Chapter 13

# 13.1 Basic Rules – Summary

Frequency Response-based design is based on several simple assumptions. Relationships between system parameters ($K_{dc}, \zeta, \omega_{n}$), open loop frequency response, closed loop frequency response and closed loop step response are derived assuming that in most simple cases the closed loop system can be modeled reasonably well by a second order model (dominant complex poles) even if the actual system dynamics are of a higher order:

$G_{m}(s)\approx K_{dc} \frac{\omega_{n}^2}{s^2+\zeta \omega_{n}s + \omega_{n}^2}$

Phase Margin (found on Open Loop Frequency Response Plot) determines PO in Closed Loop Step Response

Phase Margin, $\Phi_{m}$, identified on the open loop frequency response plot, affects the oscillations in the closed loop step response. Recall that the accurate relationship is:

$\Phi_{m} = \tan^{-1} (\frac{2\zeta}{\sqrt{-2\zeta^2 + \sqrt{4\zeta^4+1}}})$

Use the accurate graph on the left. If the graph is not available, use an approximate relationship $\zeta \approx 0.01 \cdot \Phi_{m}$ for $0 < \Phi_{m} < 15 ^\circ$ and $55^\circ < \Phi_{m}<60^\circ$ or $\zeta\approx 0.01\cdot (\Phi_{m}-4^\circ )$ for $15^\circ < \Phi_{m} < 55^\circ$

Damping ratio, in turn, decides about the oscillations in the closed loop system step response, i.e. Percent Overshoot:

$PO = 100 \cdot (e^\frac{-\zeta\pi}{\sqrt{1-\zeta^2}} )$

Small $\Phi_{m}$ corresponds to a small equivalent damping ratio that results in large oscillations (PO):

A decent $\Phi_{m}$ (45 – 65 degrees) corresponds to a decent damping ratio (0.4 – 0.7) and small oscillations (small PO):

Frequency of Crossover (found on Open Loop Frequency Response Plot) determines Settling Time in Closed Loop Response

Crossover frequency for Phase Margin, $\omega_{cp}$ (frequency at which the system open loop gain crosses the 0dB line), affects the speed of the closed loop step response:

$\omega_{n} = \frac{\tan (\Phi_m) \cdot\omega_{cp}}{2\zeta}$

Notice that the Settling Time is inversely proportional to the crossover frequency, $\omega_{cp}$ :

$T_{settle(\pm2\%)} = \frac{4}{\zeta\omega_n}$     $T_{settle(\pm2\%)} = \frac{8}{\omega_{cp}\cdot\tan(\Phi_m)}$

Small $\omega_{cp}$ corresponds to slow responses in time domain, and large $\omega_{cp}$ corresponds to fast responses in time domain. Also notice that from the derivation for the Phase Margin, $\omega_{cp}$ is equal to:

${(\frac{\omega_{cp}}{\omega_{n}})}^2 = -2\zeta^2 + \sqrt{4\zeta^4+1}$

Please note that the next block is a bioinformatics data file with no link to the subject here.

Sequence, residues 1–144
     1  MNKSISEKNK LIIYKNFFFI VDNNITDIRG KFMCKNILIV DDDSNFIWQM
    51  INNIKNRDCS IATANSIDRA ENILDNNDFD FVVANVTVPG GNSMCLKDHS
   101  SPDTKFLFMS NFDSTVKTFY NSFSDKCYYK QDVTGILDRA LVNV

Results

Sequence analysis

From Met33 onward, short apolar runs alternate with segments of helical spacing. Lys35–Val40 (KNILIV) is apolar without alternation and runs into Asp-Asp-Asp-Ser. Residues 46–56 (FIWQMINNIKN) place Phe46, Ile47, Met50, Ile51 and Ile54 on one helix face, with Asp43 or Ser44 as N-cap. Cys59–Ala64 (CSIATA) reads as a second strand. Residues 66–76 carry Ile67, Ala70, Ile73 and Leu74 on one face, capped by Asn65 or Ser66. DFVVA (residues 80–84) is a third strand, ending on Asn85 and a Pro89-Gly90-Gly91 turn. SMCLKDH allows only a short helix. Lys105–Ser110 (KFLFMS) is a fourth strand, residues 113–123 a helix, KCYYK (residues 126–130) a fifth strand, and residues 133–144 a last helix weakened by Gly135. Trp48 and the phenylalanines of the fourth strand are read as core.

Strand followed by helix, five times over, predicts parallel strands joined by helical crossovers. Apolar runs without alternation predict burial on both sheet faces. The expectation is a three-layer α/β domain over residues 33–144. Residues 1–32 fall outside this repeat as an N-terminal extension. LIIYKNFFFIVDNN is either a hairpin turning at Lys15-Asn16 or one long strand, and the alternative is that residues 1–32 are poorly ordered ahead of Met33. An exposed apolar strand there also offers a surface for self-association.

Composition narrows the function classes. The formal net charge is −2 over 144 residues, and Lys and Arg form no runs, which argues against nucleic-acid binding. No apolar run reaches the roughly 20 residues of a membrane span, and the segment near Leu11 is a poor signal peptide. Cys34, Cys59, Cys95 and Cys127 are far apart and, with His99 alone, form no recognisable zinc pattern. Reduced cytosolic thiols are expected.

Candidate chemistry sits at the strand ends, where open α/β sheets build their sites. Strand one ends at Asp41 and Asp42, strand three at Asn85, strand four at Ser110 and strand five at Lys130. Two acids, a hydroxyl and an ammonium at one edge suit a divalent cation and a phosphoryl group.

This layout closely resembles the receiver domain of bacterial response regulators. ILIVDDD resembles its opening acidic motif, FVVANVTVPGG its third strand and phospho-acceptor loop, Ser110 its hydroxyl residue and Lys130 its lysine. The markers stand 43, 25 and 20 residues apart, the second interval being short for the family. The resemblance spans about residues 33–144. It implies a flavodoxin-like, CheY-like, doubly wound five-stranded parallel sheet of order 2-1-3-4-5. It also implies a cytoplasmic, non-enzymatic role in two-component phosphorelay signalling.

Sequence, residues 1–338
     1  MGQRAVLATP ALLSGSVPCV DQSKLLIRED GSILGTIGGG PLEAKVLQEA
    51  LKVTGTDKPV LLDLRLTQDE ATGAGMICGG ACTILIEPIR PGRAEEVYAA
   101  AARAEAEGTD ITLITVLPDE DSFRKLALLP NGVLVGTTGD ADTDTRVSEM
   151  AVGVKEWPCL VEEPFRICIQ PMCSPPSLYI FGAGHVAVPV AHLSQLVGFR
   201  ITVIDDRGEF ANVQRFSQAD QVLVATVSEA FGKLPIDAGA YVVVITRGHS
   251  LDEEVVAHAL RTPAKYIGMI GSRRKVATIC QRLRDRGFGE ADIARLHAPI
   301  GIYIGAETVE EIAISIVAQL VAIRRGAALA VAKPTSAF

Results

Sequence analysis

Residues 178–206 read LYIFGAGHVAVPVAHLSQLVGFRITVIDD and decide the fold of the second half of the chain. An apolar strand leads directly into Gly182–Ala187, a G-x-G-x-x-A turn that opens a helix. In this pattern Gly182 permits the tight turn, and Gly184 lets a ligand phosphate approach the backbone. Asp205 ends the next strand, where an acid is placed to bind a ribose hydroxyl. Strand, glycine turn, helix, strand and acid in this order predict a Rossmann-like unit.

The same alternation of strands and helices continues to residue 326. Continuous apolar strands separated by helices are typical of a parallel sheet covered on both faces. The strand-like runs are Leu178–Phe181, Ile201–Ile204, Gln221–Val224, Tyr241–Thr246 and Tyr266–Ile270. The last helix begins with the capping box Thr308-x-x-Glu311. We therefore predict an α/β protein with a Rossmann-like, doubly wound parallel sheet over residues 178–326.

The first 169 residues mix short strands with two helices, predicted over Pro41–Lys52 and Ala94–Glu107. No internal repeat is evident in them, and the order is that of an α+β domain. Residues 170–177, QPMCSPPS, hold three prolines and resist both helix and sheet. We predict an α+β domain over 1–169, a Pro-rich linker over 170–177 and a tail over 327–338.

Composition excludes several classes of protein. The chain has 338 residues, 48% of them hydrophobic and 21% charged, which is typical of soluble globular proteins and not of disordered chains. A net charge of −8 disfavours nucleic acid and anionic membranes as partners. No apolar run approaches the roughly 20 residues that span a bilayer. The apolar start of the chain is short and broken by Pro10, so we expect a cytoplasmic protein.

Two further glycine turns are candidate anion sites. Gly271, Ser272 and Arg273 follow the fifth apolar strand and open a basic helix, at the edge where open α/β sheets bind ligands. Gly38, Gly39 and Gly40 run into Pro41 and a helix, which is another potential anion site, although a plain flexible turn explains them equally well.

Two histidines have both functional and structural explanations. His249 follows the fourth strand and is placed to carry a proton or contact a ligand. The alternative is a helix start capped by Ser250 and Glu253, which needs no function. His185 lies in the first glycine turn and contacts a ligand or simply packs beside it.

then:

$\omega_{cp} = \omega_{n}\sqrt{-2\zeta^2 + \sqrt{4\zeta^4+1}}$

$\omega_{cp} \approx \omega_{n}\sqrt{-2\zeta^2+1}$

$\omega_{r} = \omega_{n}\sqrt{1 - 2\zeta^2}$

$\omega_{cp} \approx \omega_{r}$

This indicates that the crossover frequency \omega_{cp} (found on the open loop plot) and the resonant frequency \omega_{r} (found on the closed loop plot) are practically identical.

Open loop DC Gain determines Steady State Errors in Closed Loop Response

Note that the best (most accurate) way to determine the closed loop step response error is to use an analytical expression for an open loop transfer function, if available, since:

$K_{DC(open)} = K_{pos} = \lim_{s\rightarrow 0} G_{open}(s)$

$e_{ss} = \frac{1}{1 + K_{pos}} = \frac{1}{1+K_{DC(open)}}$

If an expression for the closed loop transfer function is available, we can use the closed loop DC gain as well:

$K_{DC(closed)} = \lim_{s\rightarrow0}G_{closed}(s)$

$e_{ss}=1-K_{DC(closed)}$

If only a frequency plot is available, then the DC gain (open or closed loop) can be read off of it, but it will be not as accurate, particularly if the scale is in dB. Any readout in dB will have to be converted to the V/V units before the above formulae can be used.

SUMMARY

The general idea behind the frequency domain-based design is to shape the open loop frequency response so that:

1. $\Phi_{m}$ in 45-65 degrees range is achieved  – so that the equivalent damping ratio $\zeta$ of the closed loop is kept within the 0.4 to 0.7 range, which in turn should result in a PO between 25% (for $\zeta$ = 0.4) and 5% (for $\zeta$ = 0.7).
2. $\omega_{cp}$ is as large as possible – so that the equivalent closed loop frequency of natural oscillations $\omega_{n}$ large, which in turn should result in short Settling and Rise Times;
3. Open Loop DC gain, $K_{dc(open)}$, is as large as possible- so that the closed loop DC gain is as close to 1 as possible, which in turn will minimize the closed loop steady state error.

NOTE: because of the approximate nature of the modelling based on the assumption of a 2nd order dominant poles model, all compensation designs based on it should be verified through simulation, and fine-tuned if necessary.